Car dealerships owned by Rep. Vern Buchanan, R-Fla., before he took office in January 2021, also took in loans from the COVID-era program. Sarasota 500 LLC, which operates Sarasota Ford in Florida, received a $2.32 million loan; Nissan of Elizabeth City in North Carolina got a $384,200 loan. The government forgave both loans for a combined $2.6 million.
KTAK Corp., a restaurant management company co-owned by Rep. Kevin Hern, R-Okla., had a $1.07 million loan forgiven by the government.
Rep. Roger Williams, R-Texas, owns a Texas car dealership through the JRW Corp. in Fort Worth that received a $1.43 million loan.
Four Pennsylvania car dealerships owned by Rep. Mike Kelly, R-Pa., took in a combined $974,100 in Paycheck Protection Program loans, ProPublica’s database shows. Mike Kelly Automotive, LP received $197,300, Mike Kelly Automotive Group Inc. received $327,500, Mike Kelly Hyundai received $180,800 and Mike Kelly Chevrolet received $268,500.
Heartland Tractor Co., a farming equipment company owned by Rep. Vicki Hartzler, R-Mo., and her husband, received a $451,200 loan.
Five car dealerships owned by the husband of Rep. Carol Miller, R-W.Va., received a combined $3.1 million in Paycheck Protection Program loans. The loans to DM Motor, Dutch Miller Chevrolet, Dutch Miller Subaru, Dutch Miller of Charleston and Dutch Miller of Charlotte were all forgiven.
The Instagram post differed for the Paycheck Protection Program amount Mullin received. The post claims he received $988,700, when ProPublica reported he received at least $1.44 million across four of his companies — Mullin Environmental, Mullin Plumbing, Mullin Plumbing West Division and Mullin Services.
The Instagram post listed Norman, a sitting member of 23 different companies, as receiving $306,520 in Paycheck Protection Program loans. However, ProPublica found Norman-associated businesses had received even more loan money.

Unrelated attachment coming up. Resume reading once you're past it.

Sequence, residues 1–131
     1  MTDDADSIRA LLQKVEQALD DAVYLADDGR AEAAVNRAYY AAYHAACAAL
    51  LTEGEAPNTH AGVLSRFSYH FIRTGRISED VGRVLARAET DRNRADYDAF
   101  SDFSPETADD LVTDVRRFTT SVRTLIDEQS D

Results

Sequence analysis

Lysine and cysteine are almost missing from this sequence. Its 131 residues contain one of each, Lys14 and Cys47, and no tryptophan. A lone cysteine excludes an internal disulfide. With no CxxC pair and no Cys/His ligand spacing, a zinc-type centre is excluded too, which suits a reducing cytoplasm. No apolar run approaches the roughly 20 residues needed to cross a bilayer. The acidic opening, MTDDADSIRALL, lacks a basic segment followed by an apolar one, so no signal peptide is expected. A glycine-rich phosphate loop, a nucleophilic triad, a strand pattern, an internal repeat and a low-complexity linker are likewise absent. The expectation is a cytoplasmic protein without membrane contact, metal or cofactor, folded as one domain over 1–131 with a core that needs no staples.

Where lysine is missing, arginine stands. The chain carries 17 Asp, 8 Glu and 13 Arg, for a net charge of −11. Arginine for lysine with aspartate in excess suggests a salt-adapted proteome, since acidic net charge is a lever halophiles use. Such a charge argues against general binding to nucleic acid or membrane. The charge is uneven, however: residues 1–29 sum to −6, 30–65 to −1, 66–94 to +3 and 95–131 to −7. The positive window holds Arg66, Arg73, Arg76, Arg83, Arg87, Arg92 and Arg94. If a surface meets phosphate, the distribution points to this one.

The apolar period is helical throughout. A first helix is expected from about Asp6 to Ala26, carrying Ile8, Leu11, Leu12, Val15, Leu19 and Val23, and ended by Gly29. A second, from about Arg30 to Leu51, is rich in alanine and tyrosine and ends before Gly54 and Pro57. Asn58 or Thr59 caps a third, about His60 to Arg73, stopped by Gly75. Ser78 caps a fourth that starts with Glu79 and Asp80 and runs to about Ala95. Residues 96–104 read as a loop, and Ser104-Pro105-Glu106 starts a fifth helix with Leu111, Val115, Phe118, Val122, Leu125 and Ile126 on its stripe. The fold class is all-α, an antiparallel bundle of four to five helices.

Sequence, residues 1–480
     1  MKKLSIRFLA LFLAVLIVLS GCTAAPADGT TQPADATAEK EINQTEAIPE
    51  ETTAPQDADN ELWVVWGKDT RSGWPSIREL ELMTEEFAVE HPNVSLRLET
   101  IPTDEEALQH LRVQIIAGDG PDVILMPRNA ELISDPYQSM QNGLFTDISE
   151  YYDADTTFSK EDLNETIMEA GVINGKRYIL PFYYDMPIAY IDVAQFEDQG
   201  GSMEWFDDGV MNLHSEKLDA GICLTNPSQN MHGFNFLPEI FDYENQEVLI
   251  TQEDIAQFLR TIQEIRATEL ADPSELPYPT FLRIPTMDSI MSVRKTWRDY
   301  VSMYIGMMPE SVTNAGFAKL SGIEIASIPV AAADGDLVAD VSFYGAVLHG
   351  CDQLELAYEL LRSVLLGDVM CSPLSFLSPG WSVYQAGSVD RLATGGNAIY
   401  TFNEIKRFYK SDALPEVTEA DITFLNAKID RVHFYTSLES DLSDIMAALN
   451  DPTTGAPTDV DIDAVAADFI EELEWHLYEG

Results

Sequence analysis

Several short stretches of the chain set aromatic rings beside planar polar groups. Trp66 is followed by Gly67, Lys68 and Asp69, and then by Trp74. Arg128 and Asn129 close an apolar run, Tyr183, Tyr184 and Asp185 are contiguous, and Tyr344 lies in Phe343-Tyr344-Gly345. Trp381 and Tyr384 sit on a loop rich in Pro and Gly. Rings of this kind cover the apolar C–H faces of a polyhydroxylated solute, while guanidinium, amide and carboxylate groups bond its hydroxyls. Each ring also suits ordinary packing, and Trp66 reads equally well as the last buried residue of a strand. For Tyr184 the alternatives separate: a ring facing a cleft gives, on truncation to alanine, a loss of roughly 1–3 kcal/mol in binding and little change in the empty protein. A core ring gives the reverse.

At least three companies associated with Norman received four Paycheck Protection Program loans. FM Hotel LLC received $169,100, GBC Rock Hill LLC received $164,900 and Catawba Hotel Associates II received loans of $114,400 and $160,100. All told, Norman-associated companies received $608,500 in loans.
An Instagram post listed 13 Republican politicians who criticized Biden’s plan to cancel student debt but took out Paycheck Protection Program loans that the government forgave.
Businesses owned by or associated with the politicians named in the post did receive Paycheck Protection Program loans. Businesses connected to two politicians named in the post received more than the Instagram post showed.
We rate this post True.
Instagram post, Aug. 24, 2022
Archive of Instagram post
White House, Remarks by President Biden Announcing Student Loan Debt Relief Plan, Aug. 25, 2022
Twitter post, Aug. 24, 2022
The New York Times, "White House Snaps Back at Twitter Critics of Student Loan Relief," Aug. 26, 2022
U.S. Small Business Administration, PPP loan forgiveness, accessed Aug. 26, 2022
ProPublica, Tracking PPP, July 7, 2020
U.S. Small Business Administration, Forgiveness Platform Lender Submission Metrics, accessed Aug. 21, 2022
The Washington Post, "Data: Congress created virus aid, then reaped the benefits," July 7, 2020
Bradenton Herald, "Congressman Vern Buchanan’s car dealerships accepted millions in COVID-19 relief loans," July 8, 2020
Roll Call, "$14M in relief funds find members of Congress and family," July 8, 2020
Salon, "GOP congressmen reap millions in federal loans for personal car dealerships," Sept. 25, 2021
Politico, "Members of Congress took small-business loans — and the full extent is unknown," June 16, 2020
Clerk of the House of Representatives, Rep. Matt Gaetz Financial Disclosure Report, Aug. 16, 2021
Clerk of the House of Representatives, Rep. Marjorie Taylor Greene Financial Disclosure Report, Aug. 13, 2021
Clerk of the House of Representatives, Rep. Gregory Pence Financial Disclosure Report, Jan. 11, 2018
Stanford Graduate School of Business, Trace Die Cast, 2002
Clerk of the House of Representatives, Rep. Ralph Norman financial disclosure report, Aug. 13, 2021